Source: unknown but more than likely on a yarn wrapper at one time years ago
Such quick and easy knitting produces gifts of real please when you are sure to use Canadianda Suprewash Wool or Canadiana Sayelle for these slippers designed in three sizes. You will nee:- 4(50 g) balls for men's, 3 balls for ladies' and children's size. Small quantity Contrasting Clour if desired. Two No.7 (41/2 mm), (U.S. 7) knitting needles.
The instructions are written for Men's size (M). Any changes necessary for Ladies' (L) and 'Children's (C) sizes are written in brackets thus: ( ).
With double wool and beginning at back of heel, cast on 2 sts.
lst: row: Knit.
2nd. row: Inc. 1. st. in 1st. st. K1.
**3rd and 4th rows: Knit.
5th row: Inc.1. st. in 1st. st. Knit to end ofrow.**
Repeat from ** to ** to 8 sts. on needle, noting that, as there are 2 rows even between increase rows, the increased sts. will alternate D'om one side to the other 0f the triangle thus formed. Continue repeating from ** to ** to 14 sts. on needle. (L- 12 sts.) (C-10 sts.).
Next row: Cast on 13 sts. (L-ll sts.) (C-9 sts.) for side of slipper. Knit these side sts. PI. Knit to last st. PI. Cast on 13 sts. (L-11 sts) (C-9 sts.) for other side. 40 sts. on needle. (L-34 sts.) (C-28 sts.)
1st row: Knit
2nd row: K13. PI. K12. PI. K13.(L-K11. PI. K10. PI. K11) (C-K9. PI. K8. PI. K9).
Repeat these 2 rows about 20 times (L-17 times) ( C-14 times) more, or until work will stretch from back of heel forward on foot to joint of big toe, ending with 2nd row.
Next row: K2. (PI. K1.) 6 times. K13. (PI. K1.) 6 times K1. (L-K2. (PI. K1.) 5 times. K11. (P1.K1.) 5 times. K1.) (C-K2. (PI. KL) 4 times. K9. (PI. K1.) 4 times. K1.)
Next row: (K1. PI.) 7 times. K12. (PI. K1.) 7 times (L-(K1. PI.) 6 times. K10. (PI. K1.) 6 times.) (C-(K1. PI.) 5 times. K8. (PI. K1.) 5 times.)
Repeat these 2 rows 9 times (L-7 times) (C-5 times) more. Next row: K2tog. across row. Purl 1 row.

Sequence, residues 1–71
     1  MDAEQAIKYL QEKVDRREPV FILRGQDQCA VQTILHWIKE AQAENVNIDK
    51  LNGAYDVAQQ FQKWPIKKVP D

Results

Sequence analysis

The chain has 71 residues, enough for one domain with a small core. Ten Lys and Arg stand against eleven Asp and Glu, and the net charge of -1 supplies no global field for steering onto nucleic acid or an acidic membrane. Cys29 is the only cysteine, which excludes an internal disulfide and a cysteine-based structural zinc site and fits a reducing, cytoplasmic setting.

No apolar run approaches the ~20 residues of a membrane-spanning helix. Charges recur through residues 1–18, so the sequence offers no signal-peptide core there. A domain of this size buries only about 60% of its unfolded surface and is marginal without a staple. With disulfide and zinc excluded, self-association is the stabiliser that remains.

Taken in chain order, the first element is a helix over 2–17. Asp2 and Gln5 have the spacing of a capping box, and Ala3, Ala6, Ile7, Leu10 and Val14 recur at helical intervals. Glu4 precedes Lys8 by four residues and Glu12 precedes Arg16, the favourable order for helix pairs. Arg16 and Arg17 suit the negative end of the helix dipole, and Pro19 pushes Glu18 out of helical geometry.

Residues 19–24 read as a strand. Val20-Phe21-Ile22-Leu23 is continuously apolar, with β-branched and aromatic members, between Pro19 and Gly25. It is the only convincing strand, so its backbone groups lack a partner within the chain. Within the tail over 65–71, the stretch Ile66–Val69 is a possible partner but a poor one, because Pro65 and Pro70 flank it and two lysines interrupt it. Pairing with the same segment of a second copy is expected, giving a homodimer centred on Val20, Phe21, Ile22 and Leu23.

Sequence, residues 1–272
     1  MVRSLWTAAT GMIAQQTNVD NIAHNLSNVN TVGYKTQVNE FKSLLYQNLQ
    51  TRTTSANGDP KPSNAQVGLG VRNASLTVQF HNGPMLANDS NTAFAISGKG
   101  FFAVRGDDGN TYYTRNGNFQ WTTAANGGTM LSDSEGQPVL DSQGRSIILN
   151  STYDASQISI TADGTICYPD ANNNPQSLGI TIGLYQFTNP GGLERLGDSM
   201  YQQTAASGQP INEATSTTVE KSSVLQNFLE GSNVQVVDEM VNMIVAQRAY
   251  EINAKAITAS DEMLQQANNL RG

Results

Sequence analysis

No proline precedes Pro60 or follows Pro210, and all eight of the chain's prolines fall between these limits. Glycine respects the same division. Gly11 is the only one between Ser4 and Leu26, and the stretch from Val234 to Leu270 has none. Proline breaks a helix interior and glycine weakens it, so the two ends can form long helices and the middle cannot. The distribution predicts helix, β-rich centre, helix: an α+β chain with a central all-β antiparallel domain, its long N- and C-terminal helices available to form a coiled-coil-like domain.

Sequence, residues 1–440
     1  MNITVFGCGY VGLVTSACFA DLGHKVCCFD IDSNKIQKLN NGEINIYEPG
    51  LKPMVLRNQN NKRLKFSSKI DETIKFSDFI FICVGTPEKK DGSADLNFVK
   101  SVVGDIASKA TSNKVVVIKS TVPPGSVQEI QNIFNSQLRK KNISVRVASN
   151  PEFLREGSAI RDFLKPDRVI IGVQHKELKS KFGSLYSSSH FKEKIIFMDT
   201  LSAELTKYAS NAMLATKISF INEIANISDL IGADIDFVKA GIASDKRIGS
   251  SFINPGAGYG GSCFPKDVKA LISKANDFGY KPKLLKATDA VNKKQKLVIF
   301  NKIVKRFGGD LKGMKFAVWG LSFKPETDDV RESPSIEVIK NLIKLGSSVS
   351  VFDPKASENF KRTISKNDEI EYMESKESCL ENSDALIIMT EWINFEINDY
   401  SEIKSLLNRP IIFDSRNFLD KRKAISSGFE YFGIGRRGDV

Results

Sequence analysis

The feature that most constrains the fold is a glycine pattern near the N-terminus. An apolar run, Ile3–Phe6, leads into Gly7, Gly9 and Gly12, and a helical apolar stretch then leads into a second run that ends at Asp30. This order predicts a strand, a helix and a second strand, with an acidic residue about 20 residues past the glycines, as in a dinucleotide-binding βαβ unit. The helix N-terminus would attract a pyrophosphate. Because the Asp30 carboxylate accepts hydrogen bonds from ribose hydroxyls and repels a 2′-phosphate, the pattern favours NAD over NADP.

Next row: K2tog. across row. Break wool. Thread end through remaining sts. Draw up and fasten securely.
To make cuff: With single wool and working along one side of slipper, pick up and knit about 32 sts. (L-28 sts.) (C-24 sts.) by picking up and knitting 3 sts. for every 4 rows (2 ridges). Work 9 rows (L-8 rows) (C-7 rows) in (K1. PI.) ribbing. Cast offloosely in ribbing. Work ribbed border on other side to correspond.
Pompom Style: Omit ribbed cuffs and make a large size pompom. Sew to front.
To make-up: Sew side edges of back triangle to cast-on sts. of sides and then edges of cuff. Sew ribbing at toe of slipper then edges of cuff. Turn cuff over and tack down at front and bac.k
Sunday, December 10, 2006
Little did I know when I started blogging a few months ago that so many people would be interested in what I was doing. I started my first blog on Yahoo 360 in April, 2006. The theme of course was gardening. I was new to blogging but knew I already wanted to be able to add more content. Blogger.com impressed me so I started a larger garden blog followed by my cooking blog. I was surprised when both attracted a following of dedicated readers. The emails have been very positive and quite flattering. I decided on creating one more blog dedicated to my journey of finding my ancestors as well as bit of a catch-all for thoughts. At the time it was to be my final blog. However, I've had so many emails asking more about my lifestyle and what I do when I'm not gardening, cooking or doing genealogy research so this blog has come to be. To all my readers who have asked for more information, a heart felt thank-you!
This blog will follow the format of my other blogs in that where ever possible photos will be included. I will focus on the various things I do to make our house a home. So expect to see all kinds of tips most with pictures and methods for everything from decorating, home maintenance, home energy efficiency, crafts or in other words basic homemaking. This is where you will find some of my crafting projects with pictures, patterns and/or instructions. If you are into hand knitting, machine knitting, crochetting, needlepoint, cross stitch, scrapbooking or just about any other type of craft, be sure to watch for some of my projects. Expect to see from time to time a mini review on a product that has really impressed me either good or bad and tips for using certain appliances. Due to the nature of this blog, I'll try to make use of labels for easier searching of entries. I think that best describes my goals for this blog.
I intend to keep the blogs separate for those readers who are interested in only one topic. This makes it easier for me as far as organizing. Again, thank-you to everyone who have expressed an interest in my life and making my blogs a success!
Home Sweet Home
Saturday, December 9, 2006